Why take waste by-products from timber manufacturing and refine this into pencil sized pellets with uniform size, shape, moisture content, density and energy content? Why not simply burn the raw wood waste rather than turn it into pellets? There are many good reasons.
When wood pellets are burned, the same amount of carbon dioxide is released as was captured by the tree during its growth phase. So burning pellets does not increase the amount of this greenhouse gas in the atmosphere. It circulates in a renewable, carbon-neutral cycle. More importantly, Pinnacle uses the waste from sawmilling that would otherwise have been burned simply to get rid of it. So when you heat with Pinnacle wood pellets, you can do so knowing that you saved this wood from simply going up in smoke in the first place. The heat produced now serves a useful purpose and it replaces the need to burn fossil fuels or firewood.
The moisture content of pellets is substantially lower (four per cent to eight per cent water, compared with 20 per cent to 60 per cent for raw biomass). Less moisture means higher BTU value and easier handling, especially in freezing conditions with green biomass.
Arsenic, carbon monoxide, sulphur and carbon dioxide are just a few of the pollutants produced by non-renewable fossil fuels used for heat and energy. Even if the supply of fossil fuel was unlimited, the economic and environmental costs of transporting and burning ever-increasing amounts are simply unsustainable. In fact, since pellets can burn more efficiently (system efficiency averages at 80 per cent) than other fuels, emissions from pellet burners meet even the most stringent Environmental Protection Act requirements.
Pellet fuel density is remarkably higher than that of raw biomass such as wood waste (680 kg per cubic meter versus 160 to 400 kg per cubic meter in raw form). More fuel can be transported in a given truck space, and more energy can be stored at your site.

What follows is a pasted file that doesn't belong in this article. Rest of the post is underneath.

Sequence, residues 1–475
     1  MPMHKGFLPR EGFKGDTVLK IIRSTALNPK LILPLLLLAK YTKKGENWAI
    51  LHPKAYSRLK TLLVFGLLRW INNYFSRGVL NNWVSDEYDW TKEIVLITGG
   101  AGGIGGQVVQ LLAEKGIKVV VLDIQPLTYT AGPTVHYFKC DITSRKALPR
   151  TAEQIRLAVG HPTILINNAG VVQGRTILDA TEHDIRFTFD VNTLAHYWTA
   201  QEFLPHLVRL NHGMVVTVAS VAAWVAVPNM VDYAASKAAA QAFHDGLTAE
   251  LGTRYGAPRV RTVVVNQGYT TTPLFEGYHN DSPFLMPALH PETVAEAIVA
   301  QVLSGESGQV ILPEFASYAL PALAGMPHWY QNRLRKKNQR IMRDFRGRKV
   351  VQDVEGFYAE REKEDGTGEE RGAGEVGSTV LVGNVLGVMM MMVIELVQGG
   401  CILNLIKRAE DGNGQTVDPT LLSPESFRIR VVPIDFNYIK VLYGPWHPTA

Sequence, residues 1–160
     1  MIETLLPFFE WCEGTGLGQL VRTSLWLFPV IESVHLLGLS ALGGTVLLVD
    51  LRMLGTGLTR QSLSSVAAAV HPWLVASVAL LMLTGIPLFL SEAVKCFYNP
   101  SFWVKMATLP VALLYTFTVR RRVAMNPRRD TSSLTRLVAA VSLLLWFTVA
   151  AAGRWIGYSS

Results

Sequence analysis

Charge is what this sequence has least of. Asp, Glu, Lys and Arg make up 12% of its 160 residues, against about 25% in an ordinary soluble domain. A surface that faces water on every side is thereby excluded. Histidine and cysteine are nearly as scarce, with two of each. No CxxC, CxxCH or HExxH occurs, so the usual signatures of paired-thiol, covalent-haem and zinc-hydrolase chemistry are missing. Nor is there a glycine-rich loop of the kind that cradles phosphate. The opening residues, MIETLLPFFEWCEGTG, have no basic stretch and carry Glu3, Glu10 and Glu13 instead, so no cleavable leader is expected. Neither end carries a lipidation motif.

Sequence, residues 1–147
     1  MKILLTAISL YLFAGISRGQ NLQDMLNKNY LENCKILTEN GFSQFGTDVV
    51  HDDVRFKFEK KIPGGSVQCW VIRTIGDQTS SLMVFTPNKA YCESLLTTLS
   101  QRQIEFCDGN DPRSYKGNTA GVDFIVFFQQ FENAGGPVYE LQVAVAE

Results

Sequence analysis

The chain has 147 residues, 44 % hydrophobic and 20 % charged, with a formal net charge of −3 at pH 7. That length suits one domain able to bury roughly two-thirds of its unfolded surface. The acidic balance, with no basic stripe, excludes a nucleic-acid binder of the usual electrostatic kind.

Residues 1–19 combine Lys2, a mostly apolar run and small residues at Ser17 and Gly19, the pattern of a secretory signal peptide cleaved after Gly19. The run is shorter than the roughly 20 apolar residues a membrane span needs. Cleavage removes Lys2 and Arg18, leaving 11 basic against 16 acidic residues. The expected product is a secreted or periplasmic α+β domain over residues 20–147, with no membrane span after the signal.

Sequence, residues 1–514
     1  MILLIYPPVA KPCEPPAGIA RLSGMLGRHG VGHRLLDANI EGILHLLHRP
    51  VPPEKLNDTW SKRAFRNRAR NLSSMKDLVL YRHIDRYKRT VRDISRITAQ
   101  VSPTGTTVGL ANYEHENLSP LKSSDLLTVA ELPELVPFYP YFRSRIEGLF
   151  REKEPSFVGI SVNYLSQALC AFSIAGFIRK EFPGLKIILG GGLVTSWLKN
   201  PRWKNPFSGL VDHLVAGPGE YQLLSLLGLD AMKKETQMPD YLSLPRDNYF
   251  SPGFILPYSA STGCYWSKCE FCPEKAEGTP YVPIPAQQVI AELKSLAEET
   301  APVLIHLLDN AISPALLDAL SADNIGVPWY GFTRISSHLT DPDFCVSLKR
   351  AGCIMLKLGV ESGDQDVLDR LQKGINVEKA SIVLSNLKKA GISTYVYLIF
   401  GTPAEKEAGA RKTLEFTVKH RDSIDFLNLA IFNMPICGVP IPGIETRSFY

Pellets are easier to handle. Their uniform shape and size allows for a smaller and simpler feed system, which reduces costs, and makes them easy to store in standard silos, transport in rail cars and deliver in tanker trucks. Pellets pose none of the environmental risks that spillable fossil fuels do. The remarkable consistency and burn efficiency of pellet fuel produces a fraction of the particulate emissions of raw wood waste. Pellet burners have the lowest particulate matter emissions of all solid-fuel burners.
Any remaining ash in the burn chamber can actually be used as fertilizer. A 40-pound bag of pellets burns down to three ounces of ash. And pellet storage poses no soil or water contamination risk. A spill can be cleaned with a shovel — not a hazardous-waste crew.
While some people consider pellet-fuel installations to be an alternative rather than mainstream choice, those systems are virtually identical to conventional oil, coal or gas systems.
Europeans understand the advantages of using pellet fuel. In fact, Europe consumes 84 per cent of the world’s residential fuel pellets. Typical European pellet-fuel systems include a pellet storage container, burner, automated feeder, boiler, exhaust system and chimney. Extensive permits or containment are unnecessary because there is no volatile oil or gas. Storage can be located above or below ground, making maintenance and filling easier and further reducing costs of installation and upkeep.
In North America, more than one million homes, businesses and schools are already using pellet energy. Often, heating systems can be converted or retrofitted to use pellet fuel, rather than having to invest in entirely new equipment. For example, a heating system producing approximately 500,000 BTU/hour (about the size that would service a small school) currently burning oil, coal or natural gas can be retrofitted to burn pellets with some changes made to the burner, the addition of a combustion conveying system and a storage container. The existing boiler and heat delivery structures would remain unchanged.
Solid-fuel systems such as those burning coal or wood chips are easily retrofitted to burn pellets through simple fuel and air supply adjustments. A pelletized, refined fuel system will always burn cleaner than one using raw wood. Pellet fuel also emits far less smoke and particulates than fossil fuel. As research using technology in commercial pellet burning systems advances, there could be even more efficiencies to come. With reduced costs, ease of operation and negligible environmental impacts, pellet fuel is a boon to consumers. It is also an economic benefit to the communities where pellet heat is produced. Their manufacture helps address some of the sawmill industry’s waste problems. Pellet plants provide jobs, pellet dollars stay in the region and communities rely less on foreign energy.